You’ve reached the final stage: your CV was selected among many other applicants, you conquered the telephone screen and now, here you are, sitting in front of the interviewer, talking confidently about your skills and major achievements when then, all of a sudden you’re asked: ”Do you have any questions?”.

A job interview should be a two-way conversation. After all, asking questions at the end of an interview not only allows you to gain a better understanding of the work environment, but also it shows you took the time to think about how the role would further your career, align with your core values and evaluate if there is a cultural fit. In other words: it shows your interest.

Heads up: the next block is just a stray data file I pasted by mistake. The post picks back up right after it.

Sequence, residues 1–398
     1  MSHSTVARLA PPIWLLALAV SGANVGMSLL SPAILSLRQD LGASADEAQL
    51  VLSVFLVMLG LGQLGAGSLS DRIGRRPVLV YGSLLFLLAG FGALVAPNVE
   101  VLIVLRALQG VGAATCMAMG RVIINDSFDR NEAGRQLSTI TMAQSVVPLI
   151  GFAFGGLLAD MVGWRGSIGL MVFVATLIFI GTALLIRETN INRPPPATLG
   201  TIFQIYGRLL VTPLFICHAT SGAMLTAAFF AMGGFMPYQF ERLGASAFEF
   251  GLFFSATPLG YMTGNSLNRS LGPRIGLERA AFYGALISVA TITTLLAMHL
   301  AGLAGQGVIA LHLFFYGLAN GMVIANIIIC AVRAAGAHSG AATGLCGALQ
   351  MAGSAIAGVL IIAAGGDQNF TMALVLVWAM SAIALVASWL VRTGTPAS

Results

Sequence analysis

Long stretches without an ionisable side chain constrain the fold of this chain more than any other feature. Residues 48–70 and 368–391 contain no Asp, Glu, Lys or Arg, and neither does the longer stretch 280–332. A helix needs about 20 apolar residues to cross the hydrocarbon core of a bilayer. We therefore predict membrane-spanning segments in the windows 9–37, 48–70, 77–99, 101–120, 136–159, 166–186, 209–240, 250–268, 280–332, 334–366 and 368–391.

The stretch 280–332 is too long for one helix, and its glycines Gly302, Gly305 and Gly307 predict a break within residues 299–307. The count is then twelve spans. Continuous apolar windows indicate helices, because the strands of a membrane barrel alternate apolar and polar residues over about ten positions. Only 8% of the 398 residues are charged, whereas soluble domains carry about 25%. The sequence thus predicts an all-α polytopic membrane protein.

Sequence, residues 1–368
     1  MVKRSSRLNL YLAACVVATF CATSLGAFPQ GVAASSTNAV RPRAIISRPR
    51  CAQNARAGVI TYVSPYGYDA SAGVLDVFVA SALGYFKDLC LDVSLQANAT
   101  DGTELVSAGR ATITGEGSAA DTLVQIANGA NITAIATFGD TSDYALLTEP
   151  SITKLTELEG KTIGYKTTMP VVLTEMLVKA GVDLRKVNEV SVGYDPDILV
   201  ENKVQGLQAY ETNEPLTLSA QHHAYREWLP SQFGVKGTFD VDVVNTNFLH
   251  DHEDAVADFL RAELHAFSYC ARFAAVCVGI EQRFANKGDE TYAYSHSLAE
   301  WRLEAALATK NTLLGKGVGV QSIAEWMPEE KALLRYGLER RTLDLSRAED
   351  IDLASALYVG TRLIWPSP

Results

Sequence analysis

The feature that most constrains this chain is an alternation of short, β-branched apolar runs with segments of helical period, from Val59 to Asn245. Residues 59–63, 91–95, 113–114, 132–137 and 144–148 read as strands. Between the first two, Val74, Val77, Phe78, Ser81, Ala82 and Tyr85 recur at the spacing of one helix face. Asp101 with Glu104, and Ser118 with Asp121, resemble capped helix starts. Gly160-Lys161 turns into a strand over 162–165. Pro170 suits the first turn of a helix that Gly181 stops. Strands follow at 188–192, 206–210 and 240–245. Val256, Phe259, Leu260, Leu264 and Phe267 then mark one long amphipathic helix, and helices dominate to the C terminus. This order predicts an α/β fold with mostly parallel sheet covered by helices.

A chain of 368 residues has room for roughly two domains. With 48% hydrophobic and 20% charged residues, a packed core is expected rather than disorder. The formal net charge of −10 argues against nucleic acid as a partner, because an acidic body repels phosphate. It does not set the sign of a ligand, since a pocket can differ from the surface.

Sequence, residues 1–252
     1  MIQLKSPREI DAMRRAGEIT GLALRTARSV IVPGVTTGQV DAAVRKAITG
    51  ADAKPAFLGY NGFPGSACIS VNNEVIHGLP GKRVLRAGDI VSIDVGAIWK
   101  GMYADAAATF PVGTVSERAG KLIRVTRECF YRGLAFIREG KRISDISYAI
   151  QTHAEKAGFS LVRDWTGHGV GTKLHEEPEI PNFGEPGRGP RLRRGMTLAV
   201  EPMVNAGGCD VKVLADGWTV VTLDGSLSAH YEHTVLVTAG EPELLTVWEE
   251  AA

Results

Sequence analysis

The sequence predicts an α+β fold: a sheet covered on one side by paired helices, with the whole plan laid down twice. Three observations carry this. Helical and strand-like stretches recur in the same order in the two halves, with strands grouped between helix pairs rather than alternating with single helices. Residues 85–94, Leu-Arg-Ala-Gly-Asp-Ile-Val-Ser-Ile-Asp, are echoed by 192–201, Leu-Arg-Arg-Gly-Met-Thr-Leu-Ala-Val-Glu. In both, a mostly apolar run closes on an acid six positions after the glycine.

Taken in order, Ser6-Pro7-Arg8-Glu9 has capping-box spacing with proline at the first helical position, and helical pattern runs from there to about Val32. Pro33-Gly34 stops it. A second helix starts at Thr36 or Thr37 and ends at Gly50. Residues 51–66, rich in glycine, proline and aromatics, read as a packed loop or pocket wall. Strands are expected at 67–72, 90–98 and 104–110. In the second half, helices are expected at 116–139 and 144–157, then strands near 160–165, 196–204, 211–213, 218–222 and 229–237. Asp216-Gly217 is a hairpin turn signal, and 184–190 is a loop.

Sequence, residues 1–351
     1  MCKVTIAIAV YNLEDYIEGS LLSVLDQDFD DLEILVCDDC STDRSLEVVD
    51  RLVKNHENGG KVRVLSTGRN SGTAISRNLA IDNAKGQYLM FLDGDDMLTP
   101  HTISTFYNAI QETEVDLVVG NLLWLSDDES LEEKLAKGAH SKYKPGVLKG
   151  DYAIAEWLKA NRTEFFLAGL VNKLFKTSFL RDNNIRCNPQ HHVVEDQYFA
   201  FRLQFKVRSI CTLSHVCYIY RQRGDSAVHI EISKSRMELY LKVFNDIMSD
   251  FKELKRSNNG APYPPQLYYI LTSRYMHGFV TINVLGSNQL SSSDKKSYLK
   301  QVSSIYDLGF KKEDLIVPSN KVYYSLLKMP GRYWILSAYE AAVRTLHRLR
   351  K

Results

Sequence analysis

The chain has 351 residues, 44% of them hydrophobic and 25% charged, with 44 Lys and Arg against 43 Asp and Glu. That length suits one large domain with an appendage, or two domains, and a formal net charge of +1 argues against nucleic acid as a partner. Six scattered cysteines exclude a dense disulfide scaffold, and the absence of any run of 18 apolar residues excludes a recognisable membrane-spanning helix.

Motivation and commitment are key factors that your potential employer wants to assess and they are as important, if not more, than some of the specific technical skills listed among the selection criteria.

It’s true that you cannot build soft skills or work experience overnight, you need to WOW your interviewer presenting yourself at the best of your possibilities and this entails doing your homework.

Take the time to research the organization: understand its vision, its fundamental values, how it makes money, what are the day-to-day operations, what its core business is.

It’s crucial to make sure that you leave the interview with a clear idea about the position itself and how your typical working day would look (isn’t this the reason why you jump out of the bed in the morning after all?)



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Patricia Heemskerk

Patricia Heemskerk

Beraterin Student Career Services